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Ruswarp Church of England Primary School Think for Yourself and Act for Others

Growing Readers

Growing Readers


Developing Confident Readers


Research shows that the earlier children have enjoyable experiences with books and reading, the earlier their language and literacy skills blossom. Our Growing Readers approach inspires a love of books and stories, and nurtures the desire to be a reader and a creator of stories. By spending time together enjoying books, unlocking doorways to enchanted worlds, having fun with language, and exploring the connections between written and spoken word through a playful approach to phonics, we help your child grow into a confident and lifelong reader.


How Busy Bees & Ruswarp Grow Confident Readers


Growing Readers brings together home and nursery life, providing parents with some of the theory behind developing children’s reading skills, and also providing handy Hints & Tips, recommended reading lists and suggested activities for parents and children to explore together. Our Growing Readers recommended Books of Excellence and fun activities, will support you in helping your child to grow into a confident reader with a love of books and passion for reading.


Play and Learning at Home


In our settings look out for our play and learning at home ideas which will provide you with activity suggestions that you can do with your child at home to support their learning, so that together we can help your child to become a confident writer.

Top Tips


• Regularly reading out loud with your child will help to develop their reading comprehension, vocabulary and decoding of words, encouraging them to read independently later on.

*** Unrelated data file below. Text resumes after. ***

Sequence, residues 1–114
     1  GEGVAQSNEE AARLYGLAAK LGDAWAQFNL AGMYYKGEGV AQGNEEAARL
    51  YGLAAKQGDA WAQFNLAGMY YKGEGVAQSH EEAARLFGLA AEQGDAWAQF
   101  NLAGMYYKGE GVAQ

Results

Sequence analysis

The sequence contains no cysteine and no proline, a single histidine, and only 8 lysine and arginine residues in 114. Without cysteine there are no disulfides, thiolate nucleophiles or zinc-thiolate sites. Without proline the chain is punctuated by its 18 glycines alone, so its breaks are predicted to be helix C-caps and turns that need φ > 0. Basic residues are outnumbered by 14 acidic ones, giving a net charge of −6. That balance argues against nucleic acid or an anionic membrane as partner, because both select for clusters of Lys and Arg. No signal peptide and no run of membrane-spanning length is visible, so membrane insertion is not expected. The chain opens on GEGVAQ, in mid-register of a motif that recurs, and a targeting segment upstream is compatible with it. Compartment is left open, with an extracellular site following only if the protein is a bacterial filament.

• Some lowercase letters can be easily confused and mnemonics (a creative technique that aids memory through imagination, association and location) are a fantastic aid to help your child remember letters and shapes. The letter ‘s’ is an excellent example:

o It begins the word ‘snake’
o It looks like a snake
o It represents a snake-like sound
o When writing, your hand makes a snake-like moment

• Choose books which are both bright with illustrations and include lots of rhymes. This will help your child understand and absorb sentence structure and the rhythms required for reading, but also sharpen their listening skills as they listen for different sounds.


Activities for you and your child at to try at home


Joining the local library is great way of growing a love of books and reading. Find a small cloth or PVC bag to use for library trips and create a library book basket or shelf at home. Use a small notebook to write together about the books. Talk about the title and the author as you write it down; this helps your child understand that books can be found by using the title or the author’s surname. Your library book notes can be referred to for recalling favourite books and sharing suggestions with friends and family.